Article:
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Bill to convert RDA property into resource center goes to governor
california news

The future direction of Manteca’s efforts to address homeless issues is now up to Gov. Gavin Newsom.

Assembly Bill 1732 authored by Assemblyman Heath Flora, R-Ripon, breezed through the State Senate Monday and has been sent to the governor.

If Newsom signs it, the City of Manteca will be able to conditionally sell the former Qualex photo processing building at 555 Industrial Park Drive to the non-profit Inner City Action for as little as $1 for the restricted use of the 57,329-square foot structure as a homeless resource center. That would prohibit its use as a homeless shelter. It also means if it ever stopped being a homeless resource center that the building would be placed up for auction with proceeds split between 10 local taxing agencies with Manteca Unified receiving 50 percent.

The state had ordered the auction of all surplus redevelopment agency property in the state after RDAs were dissolved to divert property tax back to schools to replace state funding lost during the Great Recession.

There has only been one other legislative exception to the state directive to auction off surplus RDA property. That exception allowed property that had been bought by the Sacramento RDA to be used for a homeless shelter.

If Newsom — who has made addressing homeless issues one of his key goals — signs the bill and it becomes law, the next step is the city issuing a conditional use permit for a homeless resource center to be established in an industrial area where it is not allowed by right under the zoning code.

Inner City Action submitted a request for a conditional use permit in late April. The process, that takes about six months to complete, includes public hearings. That means a final decision on a use permit could be made by November.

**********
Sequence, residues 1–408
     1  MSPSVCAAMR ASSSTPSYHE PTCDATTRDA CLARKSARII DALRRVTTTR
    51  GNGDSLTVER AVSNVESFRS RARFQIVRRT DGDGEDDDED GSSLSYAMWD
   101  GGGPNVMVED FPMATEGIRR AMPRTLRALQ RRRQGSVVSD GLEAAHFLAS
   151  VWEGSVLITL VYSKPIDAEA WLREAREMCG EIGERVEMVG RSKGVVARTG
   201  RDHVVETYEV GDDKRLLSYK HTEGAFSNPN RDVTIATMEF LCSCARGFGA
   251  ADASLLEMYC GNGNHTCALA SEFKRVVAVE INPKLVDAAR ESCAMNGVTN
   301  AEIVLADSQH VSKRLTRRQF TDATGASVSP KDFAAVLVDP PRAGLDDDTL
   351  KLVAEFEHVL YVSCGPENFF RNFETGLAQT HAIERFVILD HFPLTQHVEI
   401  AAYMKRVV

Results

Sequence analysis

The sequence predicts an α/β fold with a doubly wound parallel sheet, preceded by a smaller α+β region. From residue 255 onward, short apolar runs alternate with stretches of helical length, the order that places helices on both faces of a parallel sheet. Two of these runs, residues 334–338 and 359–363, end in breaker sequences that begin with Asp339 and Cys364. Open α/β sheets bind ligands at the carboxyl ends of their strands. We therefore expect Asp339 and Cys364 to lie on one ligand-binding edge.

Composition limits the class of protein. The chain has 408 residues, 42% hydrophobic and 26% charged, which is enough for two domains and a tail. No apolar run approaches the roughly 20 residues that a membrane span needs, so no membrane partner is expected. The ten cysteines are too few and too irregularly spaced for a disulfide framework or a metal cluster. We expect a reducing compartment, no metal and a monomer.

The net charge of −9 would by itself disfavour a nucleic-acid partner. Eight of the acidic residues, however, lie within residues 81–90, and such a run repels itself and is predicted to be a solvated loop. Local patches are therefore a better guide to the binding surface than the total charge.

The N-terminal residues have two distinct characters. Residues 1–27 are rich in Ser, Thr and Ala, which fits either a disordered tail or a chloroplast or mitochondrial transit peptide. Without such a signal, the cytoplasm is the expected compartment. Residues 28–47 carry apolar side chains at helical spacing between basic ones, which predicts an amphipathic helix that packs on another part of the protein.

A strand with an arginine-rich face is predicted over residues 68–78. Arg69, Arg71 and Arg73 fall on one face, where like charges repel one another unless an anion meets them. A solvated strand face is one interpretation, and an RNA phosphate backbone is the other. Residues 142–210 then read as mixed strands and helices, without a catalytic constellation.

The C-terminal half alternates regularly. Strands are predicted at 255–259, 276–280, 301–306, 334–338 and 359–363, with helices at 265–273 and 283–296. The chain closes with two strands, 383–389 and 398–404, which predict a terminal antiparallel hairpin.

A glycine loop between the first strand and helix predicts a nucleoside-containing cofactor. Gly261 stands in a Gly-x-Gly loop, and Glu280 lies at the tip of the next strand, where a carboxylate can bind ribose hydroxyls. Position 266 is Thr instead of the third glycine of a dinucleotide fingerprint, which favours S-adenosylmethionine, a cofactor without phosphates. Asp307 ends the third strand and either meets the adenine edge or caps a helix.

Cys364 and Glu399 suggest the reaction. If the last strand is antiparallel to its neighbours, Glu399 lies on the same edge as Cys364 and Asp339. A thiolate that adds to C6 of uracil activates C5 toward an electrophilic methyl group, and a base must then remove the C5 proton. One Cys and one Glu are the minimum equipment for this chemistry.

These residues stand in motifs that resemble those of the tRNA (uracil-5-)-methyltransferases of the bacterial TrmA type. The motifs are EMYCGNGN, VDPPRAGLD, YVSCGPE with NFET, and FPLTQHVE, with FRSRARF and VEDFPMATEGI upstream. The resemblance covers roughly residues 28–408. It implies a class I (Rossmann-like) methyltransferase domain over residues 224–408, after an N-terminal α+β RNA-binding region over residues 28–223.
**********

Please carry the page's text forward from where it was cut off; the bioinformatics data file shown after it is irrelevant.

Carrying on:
Inner City, in working with the Manteca Police Department and non-profit agencies over the past 34 months has helped get more than 280 people off the streets of Manteca. Some are reunited with families often thousands of miles away willing to take them back in. Others are helped addressing issues and obtain job training and develop work ethic so that they can secure housing on their own.

Inner City works with employers that have been pleased with the non-profit’s track record of providing solid workers. Inner City will transport the former homeless when they are in transition to jobs and will use donated items to help them set up households when they are in a position once again to pay their own rent. One aspect of the Qualex building’s use will be to store and distribute donations as well as to develop work skills.

The homeless who are ready to get off the streets in Manteca and are accepted into the Inner City program are housed at an Inner City complex in South Stockton. That will continue to be the case once the Qualex site is up and running.

Inner City plans to sell holdings in McFarland to cover the cost of getting the building up to code, including a new roof.

Jason Laughlin, Flora’s field representative, has noted legislative members were all aware that the Qualex structure would not be used as a homeless shelter. Laughlin relayed that a number of members said they were impressed that Manteca was taking an innovative approach to reducing the homeless on city streets.

To contact Dennis Wyatt, email